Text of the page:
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AT&T sells anime streaming service Crunchyroll to Sony

The streaming service will fetch AT&T over $1 billion.

The streaming service will fetch AT&T over $1 billion.

The logo of streaming service Crunchyroll.
The logo of streaming service Crunchyroll. (Logo: Otter Media/AT&T, Graphic: The Desk)

AT&T has reached a deal to sell its anime-centric streaming TV service Crunchyroll to Sony for $1.175 billion in cash, the two companies announced on Wednesday.

The deal fulfills a desire by AT&T to sell the streaming service to Crunchyroll as was first revealed in August by business publication The Information, but for slightly less than the $1.5 billion AT&T was seeking back then.

Crunchyroll launched in 2006 with animation shows and television dramas sourced largely from Japan. It was acquired by WarnerMedia when the service’s parent company Otter Media was purchased by AT&T in 2018.

The streaming service has more than 3 million subscribers willing to pay for its content and another 90 million registered users across 200 countries and territories where it operates. Some shows are available to stream for free with commercial advertisements.

In addition to the television content, the Crunchyroll brand includes smartphone games, merchandise and comics known as “manga.”

Some of Crunchyroll’s 3,000 TV shows were included in AT&T’s blockbuster streaming service HBO Max when it launched in May. It was not clear if this content would continue to be offered to HBO Max subscribers following its sale to Sony where it will be operated under the electronic company’s Funimation subsidiary.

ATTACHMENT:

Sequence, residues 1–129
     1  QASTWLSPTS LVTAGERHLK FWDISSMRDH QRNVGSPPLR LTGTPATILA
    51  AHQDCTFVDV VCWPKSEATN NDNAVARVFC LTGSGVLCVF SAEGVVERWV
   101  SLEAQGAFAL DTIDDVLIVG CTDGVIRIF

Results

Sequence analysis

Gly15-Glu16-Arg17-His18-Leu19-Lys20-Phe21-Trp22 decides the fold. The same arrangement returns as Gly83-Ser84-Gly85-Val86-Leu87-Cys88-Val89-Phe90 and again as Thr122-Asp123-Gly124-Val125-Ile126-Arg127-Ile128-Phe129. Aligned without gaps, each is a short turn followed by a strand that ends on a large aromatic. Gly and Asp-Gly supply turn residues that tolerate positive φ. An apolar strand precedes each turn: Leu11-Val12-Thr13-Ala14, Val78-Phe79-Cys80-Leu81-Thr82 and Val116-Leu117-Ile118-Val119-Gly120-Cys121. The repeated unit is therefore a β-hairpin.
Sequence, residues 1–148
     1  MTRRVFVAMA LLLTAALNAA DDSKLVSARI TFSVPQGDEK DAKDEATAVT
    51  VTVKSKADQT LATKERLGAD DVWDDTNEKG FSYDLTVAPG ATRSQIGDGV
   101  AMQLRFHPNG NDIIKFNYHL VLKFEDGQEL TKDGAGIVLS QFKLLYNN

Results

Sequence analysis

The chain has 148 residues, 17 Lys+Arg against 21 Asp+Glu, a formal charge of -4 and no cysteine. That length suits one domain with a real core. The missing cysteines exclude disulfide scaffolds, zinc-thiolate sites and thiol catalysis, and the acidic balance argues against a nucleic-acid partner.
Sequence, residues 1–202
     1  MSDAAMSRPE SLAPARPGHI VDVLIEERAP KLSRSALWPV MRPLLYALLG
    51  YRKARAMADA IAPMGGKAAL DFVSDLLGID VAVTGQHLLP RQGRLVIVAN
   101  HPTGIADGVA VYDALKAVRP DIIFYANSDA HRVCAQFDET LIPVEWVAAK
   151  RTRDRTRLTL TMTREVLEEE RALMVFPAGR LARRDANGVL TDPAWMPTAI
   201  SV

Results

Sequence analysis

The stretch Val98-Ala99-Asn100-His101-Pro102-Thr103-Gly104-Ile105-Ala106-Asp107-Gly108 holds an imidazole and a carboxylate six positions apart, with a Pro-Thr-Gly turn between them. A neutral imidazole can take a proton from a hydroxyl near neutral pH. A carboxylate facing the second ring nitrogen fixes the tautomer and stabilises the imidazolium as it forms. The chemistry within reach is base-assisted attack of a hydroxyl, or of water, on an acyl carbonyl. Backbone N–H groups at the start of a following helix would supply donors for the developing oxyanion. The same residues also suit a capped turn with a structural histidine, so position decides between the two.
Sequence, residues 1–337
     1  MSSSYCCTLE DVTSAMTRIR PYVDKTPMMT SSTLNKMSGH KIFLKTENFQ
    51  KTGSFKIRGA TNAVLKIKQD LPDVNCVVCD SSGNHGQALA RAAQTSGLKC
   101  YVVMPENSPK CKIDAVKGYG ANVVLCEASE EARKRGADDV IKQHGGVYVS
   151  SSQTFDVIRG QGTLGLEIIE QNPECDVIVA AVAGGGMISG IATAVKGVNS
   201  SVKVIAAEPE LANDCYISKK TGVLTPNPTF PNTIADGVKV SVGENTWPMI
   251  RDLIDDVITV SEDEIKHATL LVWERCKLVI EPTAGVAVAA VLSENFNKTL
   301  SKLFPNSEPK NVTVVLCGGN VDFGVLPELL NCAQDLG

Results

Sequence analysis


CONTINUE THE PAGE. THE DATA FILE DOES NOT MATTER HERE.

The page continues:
“We are proud to bring Crunchyroll into the Sony family,” Tony Vinciquerra, the chief executive of Sony Pictures Entertainment, said in a statement on Wednesday. “Together with Crunchyroll, we will create the best possible experience for fans and greater opportunity for creators, producers and publishers in Japan and elsewhere.”

Many of the executives who are assigned to Crunchyroll at AT&T will move over to Sony as part of the deal, including the subsidiary’s current general manager Joanne Waage.

“We are excited to embark on this new journey,” Waage said. “Combining the strength of the Crunchyroll brand and the expertise of our global team with Funimation is an exciting prospect and a win for the incredible art form of anime.”

The decision to sell Crunchyroll comes as AT&T looks to offload some of its assets in order to draw down its debut, which has weighed its stock price in recent years. On Wednesday, the Wall Street Journal said the phone company was in the final stages of an auction to divest its satellite TV service DirecTV for as much as $15 billion.

Disclosure: The author of this story owned a small amount of AT&T stock as of this writing.

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About the Author:

Matthew Keys

Matthew Keys is the publisher of The Desk and reports on the business and policy matters involving the broadcast television, streaming video and radio industries. He previously worked for Thomson Reuters, Disney-ABC, Tribune Broadcasting and McNaughton Newspapers. Matthew is based in Northern California, has won numerous awards in the field of journalism, and is a member of IRE (Investigative Reporters and Editors).